Typically, you will have an orthopaedic surgeon looking after your case, and they might also work on your recovery plan. Orthopaedic surgeons specialise in all things to do with your bones and joints, so they’ll be able to help with any hip fracture. This could be the surgeon who operates on your hip fracture and then continues to monitor your progress and your hip functionality throughout rehabilitation.

As you might expect, a physiotherapist should also work on your recovery plan. As the name suggests, physiotherapists specialise in anything to do with physical movement. They are trained to encourage healing through methods such as massage, exercise, and physical manipulation. Physiotherapists should contribute to your recovery plan to ensure that physical activity is included to help rebuild strength and mobility in the hip.

Three doctors stood examining an x-ray.

A team of healthcare professionals will work on your recovery plan to ensure that all aspects as factored in.

An occupational therapist (OT) should also work on your recovery plan. OTs consider the environment around you as well as your everyday routine. They will think about practical solutions like specialist equipment that will make maintaining your mobility and independence easier whilst recovering.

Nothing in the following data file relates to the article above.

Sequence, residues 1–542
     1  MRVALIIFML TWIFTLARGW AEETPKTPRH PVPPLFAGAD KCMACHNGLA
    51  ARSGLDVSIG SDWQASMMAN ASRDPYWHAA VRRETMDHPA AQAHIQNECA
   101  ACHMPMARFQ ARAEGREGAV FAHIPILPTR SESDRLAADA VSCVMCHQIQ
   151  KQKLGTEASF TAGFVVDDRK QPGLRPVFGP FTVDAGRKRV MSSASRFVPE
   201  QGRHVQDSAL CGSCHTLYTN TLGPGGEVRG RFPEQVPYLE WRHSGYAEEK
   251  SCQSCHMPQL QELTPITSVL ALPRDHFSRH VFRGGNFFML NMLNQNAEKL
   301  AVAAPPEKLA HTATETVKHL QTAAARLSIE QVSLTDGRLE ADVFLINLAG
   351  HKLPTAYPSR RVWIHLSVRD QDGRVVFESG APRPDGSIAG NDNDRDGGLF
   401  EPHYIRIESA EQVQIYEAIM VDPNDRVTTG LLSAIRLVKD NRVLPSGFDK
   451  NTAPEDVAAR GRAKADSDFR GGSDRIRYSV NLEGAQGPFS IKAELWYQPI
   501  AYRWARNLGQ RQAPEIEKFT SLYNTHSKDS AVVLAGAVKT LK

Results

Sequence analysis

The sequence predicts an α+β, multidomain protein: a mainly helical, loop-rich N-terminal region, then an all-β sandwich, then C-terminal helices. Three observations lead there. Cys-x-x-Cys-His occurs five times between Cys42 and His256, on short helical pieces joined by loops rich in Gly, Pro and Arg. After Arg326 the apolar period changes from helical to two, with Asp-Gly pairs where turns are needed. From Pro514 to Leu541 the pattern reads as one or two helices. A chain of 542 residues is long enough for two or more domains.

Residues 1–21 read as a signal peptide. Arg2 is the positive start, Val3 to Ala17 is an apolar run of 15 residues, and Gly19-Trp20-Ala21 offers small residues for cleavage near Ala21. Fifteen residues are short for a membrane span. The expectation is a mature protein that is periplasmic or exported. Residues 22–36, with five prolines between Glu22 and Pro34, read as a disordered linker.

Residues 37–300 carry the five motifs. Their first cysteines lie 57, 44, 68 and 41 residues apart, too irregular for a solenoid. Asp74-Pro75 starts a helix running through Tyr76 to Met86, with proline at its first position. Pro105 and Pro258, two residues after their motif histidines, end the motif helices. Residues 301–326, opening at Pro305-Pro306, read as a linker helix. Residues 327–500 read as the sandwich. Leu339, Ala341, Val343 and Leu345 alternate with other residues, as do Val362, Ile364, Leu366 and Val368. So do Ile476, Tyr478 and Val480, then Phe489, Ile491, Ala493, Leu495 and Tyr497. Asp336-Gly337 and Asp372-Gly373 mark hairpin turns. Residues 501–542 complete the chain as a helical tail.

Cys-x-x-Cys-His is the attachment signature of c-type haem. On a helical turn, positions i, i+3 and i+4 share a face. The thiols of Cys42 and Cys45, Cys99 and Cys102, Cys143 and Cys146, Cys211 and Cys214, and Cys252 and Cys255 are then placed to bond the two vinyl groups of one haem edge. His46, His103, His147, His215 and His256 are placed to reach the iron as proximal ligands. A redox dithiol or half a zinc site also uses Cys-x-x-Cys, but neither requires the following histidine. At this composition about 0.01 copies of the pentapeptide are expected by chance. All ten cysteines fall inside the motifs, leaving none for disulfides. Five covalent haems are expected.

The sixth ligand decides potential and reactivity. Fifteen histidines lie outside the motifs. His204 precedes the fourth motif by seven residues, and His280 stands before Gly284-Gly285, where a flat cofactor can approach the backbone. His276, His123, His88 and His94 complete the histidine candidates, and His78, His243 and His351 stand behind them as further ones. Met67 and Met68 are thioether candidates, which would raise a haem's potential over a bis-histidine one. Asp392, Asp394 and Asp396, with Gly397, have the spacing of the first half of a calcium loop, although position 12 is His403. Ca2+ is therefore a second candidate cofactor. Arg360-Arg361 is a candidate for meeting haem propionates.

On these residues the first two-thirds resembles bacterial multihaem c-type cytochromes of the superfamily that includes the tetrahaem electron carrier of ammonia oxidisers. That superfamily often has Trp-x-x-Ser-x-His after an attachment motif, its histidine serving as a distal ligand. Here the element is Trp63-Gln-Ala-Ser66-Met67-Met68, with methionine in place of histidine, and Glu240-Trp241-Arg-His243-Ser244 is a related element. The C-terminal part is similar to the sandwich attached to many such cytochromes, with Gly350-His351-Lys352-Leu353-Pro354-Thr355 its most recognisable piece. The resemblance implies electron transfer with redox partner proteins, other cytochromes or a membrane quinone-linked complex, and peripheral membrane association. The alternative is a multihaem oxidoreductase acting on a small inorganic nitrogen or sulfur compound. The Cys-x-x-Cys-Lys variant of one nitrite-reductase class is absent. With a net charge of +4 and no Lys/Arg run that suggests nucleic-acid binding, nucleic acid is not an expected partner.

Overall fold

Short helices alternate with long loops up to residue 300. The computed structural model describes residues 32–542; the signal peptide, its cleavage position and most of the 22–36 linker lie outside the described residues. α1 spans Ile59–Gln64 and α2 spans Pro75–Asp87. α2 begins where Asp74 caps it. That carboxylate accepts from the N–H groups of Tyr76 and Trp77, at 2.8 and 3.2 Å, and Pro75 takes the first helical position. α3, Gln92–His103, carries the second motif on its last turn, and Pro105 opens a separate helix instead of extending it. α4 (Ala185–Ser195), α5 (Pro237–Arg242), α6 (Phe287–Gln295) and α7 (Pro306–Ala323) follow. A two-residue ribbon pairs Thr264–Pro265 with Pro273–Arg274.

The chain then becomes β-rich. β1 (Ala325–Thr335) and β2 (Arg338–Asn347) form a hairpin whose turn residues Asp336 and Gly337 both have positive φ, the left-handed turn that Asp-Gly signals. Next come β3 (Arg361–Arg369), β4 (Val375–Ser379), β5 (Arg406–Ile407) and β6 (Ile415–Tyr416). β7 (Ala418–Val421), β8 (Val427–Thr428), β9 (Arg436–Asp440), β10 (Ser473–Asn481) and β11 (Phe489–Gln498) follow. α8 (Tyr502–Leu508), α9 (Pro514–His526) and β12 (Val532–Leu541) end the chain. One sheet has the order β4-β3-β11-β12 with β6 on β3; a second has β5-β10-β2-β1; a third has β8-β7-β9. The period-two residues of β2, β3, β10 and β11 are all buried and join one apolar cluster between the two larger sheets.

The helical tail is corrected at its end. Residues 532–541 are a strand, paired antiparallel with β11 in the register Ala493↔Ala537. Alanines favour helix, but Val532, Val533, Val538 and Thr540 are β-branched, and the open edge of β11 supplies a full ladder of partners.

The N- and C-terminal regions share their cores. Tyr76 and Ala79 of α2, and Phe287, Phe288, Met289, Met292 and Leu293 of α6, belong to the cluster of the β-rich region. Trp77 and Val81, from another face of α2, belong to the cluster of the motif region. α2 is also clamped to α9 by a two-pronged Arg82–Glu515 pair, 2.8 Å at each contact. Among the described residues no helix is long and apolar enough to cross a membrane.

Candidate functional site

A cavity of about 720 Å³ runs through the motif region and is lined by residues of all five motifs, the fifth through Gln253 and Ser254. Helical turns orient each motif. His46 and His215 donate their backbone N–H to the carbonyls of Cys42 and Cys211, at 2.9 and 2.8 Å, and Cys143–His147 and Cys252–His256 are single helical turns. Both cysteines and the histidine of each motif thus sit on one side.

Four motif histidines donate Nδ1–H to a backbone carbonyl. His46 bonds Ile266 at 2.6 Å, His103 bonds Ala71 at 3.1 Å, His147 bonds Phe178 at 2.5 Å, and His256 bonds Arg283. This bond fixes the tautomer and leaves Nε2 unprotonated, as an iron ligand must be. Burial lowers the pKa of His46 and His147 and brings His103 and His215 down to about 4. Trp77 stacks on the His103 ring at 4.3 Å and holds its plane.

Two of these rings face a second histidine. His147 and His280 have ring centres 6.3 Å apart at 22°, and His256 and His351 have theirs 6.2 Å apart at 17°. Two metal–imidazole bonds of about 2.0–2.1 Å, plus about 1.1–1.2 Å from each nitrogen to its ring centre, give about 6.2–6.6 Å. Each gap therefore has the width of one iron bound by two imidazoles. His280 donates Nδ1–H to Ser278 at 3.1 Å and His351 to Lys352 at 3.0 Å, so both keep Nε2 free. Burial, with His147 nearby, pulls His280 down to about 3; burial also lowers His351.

Depending on your age and your needs, you may also be assigned a geriatrician who specialises in healthcare for elderly people. You could also have a social worker assigned to your recovery plan to assess whether you could be eligible for benefits or local care homes.

Exercises for hip fractures

You will be given a mixture of exercises to help build your strength, mobility, and balance following a hip fracture. These should be set out in your recovery plan, and they will have been chosen for you depending on your fitness level.

Weight-bearing exercises are a good way to help you rebuild strength and balance. This could include something as straightforward as walking. Walking on a treadmill at different inclines will also help to build strength around the hip.

This should be mixed in with some non-weight-bearing exercises. This could be something like cycling or swimming, where your legs aren’t having to support your weight, but are building strength and mobility.